I have noticed that most apps that run on Mac AND Windows tend to be resource hungry and slower.
This is usual the result of software companies prioritizing the development of new features over software quality, and is has little to do with supporting multiple platforms.
I don't see it that way, because I hate it when software developers get lazy and take the easy way at the expense of the end-user.
Don't be quick to criticize the Lightroom developers, you are basing your opinion on two invalid assumptions.
Tasks requiring heavy computation (such as image processing) will be significantly slower when using an interpreted language, but interpreted languages are more than fast enough for many applications. I just wrote two simple programs to count up from zero for one second. The program written in a compiled language was about five times faster than the program that was interpreted, but the interpreted program was still able to count past 400,000. By comparison, the number of instructions required to process simple events such as mouse clicks and keystrokes is small enough that your brain can't perceive the difference. Most likely, the difference is probably smaller than the your monitor refresh rate.
Your second argument, that bad performance is the result of extra "layers" of code, is based on two faulty assumptions. First, it is incorrect to even assume that a cross platform app has more layers of code than a program written for one operating system. There are many approaches to cross platform development, one approach is to separate a programs code into a section that is platform independent, and to maintain two separate sections for handling windows and mac specific code. This code will operate at the same "layer" as any pure Windows or Mac application. It is also wrong to assume that a native application is not built upon multiple layers. Most OSX applications are written using one of two programming API's, Cocoa and Carbon. Cocoa and Carbon are software "layers" which are built on top of low level OSX components, such as Quartz. Some cross platform applications might use an extra layer on top of Cocoa or Carbon, but the performance impact will still be negligible. It is even possible to completely bypass Cocoa and Carbon and develop an application at a lower level than some off apples on software products.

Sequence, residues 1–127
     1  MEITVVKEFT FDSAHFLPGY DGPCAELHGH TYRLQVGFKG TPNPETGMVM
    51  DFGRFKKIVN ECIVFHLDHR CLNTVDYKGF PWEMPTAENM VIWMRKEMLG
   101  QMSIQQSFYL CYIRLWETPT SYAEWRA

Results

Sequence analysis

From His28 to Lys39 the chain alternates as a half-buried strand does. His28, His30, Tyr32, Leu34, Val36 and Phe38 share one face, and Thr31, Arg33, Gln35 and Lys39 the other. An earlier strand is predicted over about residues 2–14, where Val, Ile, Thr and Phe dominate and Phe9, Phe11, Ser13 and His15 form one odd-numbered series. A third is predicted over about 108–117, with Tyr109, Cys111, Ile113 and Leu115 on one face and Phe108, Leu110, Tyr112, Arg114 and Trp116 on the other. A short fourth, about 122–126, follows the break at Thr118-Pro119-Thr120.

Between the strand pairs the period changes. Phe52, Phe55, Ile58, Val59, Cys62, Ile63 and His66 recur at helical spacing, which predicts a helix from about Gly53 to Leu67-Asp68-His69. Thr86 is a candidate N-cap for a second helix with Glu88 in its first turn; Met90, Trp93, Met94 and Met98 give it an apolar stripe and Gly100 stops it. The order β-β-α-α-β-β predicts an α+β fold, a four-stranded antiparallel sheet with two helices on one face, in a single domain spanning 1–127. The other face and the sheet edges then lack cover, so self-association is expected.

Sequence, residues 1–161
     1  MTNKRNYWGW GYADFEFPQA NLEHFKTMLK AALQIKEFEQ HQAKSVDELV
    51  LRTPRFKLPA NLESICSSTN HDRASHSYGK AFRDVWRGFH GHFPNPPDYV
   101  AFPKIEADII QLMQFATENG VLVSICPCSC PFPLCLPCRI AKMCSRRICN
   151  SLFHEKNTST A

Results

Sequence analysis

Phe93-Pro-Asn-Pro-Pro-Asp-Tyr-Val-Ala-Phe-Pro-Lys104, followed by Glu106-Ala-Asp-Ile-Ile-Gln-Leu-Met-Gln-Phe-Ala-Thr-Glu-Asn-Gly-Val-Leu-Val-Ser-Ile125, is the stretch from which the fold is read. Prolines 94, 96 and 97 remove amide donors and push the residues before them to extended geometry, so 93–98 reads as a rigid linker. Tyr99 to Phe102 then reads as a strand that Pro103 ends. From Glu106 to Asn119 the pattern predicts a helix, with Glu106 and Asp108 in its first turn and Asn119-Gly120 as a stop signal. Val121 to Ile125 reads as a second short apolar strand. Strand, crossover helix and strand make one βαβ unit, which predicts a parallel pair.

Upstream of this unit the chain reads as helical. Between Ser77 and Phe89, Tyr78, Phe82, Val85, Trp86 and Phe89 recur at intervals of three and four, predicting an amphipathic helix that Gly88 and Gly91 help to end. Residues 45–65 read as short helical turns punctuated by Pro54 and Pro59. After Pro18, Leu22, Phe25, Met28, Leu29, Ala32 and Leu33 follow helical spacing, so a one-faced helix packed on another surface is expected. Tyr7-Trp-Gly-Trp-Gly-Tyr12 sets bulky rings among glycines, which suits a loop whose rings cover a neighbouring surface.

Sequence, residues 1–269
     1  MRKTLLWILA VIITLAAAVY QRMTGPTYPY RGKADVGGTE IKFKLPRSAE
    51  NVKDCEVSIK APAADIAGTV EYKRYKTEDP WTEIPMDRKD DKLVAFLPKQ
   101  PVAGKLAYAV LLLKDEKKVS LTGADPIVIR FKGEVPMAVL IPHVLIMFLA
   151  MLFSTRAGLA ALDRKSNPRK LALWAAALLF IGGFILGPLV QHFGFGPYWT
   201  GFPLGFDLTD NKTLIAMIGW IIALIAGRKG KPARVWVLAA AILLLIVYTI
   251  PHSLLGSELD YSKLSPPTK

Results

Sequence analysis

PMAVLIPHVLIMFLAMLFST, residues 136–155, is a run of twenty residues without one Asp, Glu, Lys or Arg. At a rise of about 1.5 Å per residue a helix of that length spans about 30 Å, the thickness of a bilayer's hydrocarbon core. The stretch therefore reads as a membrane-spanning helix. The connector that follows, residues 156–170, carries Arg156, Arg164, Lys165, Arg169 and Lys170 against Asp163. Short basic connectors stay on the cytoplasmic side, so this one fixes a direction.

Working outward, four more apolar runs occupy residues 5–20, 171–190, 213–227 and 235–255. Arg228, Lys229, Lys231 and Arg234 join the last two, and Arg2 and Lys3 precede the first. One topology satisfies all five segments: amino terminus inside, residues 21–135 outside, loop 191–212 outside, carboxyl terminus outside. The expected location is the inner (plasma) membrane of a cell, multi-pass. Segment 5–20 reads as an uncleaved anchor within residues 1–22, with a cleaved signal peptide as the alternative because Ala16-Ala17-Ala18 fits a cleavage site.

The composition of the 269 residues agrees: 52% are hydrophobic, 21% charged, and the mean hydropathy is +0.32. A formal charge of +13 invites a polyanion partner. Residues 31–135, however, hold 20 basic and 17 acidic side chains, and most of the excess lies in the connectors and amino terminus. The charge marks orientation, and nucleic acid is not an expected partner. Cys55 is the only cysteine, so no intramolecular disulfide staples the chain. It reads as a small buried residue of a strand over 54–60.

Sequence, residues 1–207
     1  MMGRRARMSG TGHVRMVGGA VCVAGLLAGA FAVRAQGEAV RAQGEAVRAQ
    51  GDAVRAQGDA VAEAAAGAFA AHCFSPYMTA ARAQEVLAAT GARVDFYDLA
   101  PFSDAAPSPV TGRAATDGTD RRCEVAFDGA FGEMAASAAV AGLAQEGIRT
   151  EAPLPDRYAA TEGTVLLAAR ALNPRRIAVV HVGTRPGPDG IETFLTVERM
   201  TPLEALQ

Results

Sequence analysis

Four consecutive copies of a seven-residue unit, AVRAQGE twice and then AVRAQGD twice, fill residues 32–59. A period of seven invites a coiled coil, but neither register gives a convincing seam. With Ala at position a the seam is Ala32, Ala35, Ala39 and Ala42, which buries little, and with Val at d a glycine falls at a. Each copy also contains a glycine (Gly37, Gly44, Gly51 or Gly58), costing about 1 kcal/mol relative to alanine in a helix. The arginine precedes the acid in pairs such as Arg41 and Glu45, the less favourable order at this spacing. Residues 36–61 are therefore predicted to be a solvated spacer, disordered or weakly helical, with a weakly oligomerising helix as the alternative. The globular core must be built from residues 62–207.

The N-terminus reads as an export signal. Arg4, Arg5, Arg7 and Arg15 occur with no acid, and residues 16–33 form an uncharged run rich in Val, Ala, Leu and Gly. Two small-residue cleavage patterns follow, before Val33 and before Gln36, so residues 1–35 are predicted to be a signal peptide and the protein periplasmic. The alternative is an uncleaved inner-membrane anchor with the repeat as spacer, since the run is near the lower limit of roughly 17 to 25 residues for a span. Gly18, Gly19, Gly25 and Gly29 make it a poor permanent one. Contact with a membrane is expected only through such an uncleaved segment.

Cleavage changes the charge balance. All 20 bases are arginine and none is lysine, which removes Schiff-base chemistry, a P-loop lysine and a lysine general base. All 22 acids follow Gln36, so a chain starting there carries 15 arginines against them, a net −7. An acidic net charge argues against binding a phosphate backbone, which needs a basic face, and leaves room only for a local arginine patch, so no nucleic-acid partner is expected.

I do share your opinion that Lightroom is inexcusably slow, but I was happy to discover that 40% of Lightroom's code was written in Lua. The use of interpreted languages can greatly increase programmer productivity and reduce the number of bugs, in the long term this is a good thing for users.
Lightroom's performance problems are mostly the result of poor memory management. I have noticed that Lightroom's memory usage will unexpectedly balloon for no apparent reason. (If it means anything to you, I suspect the culprit may be a poorly designed garbage collection system.)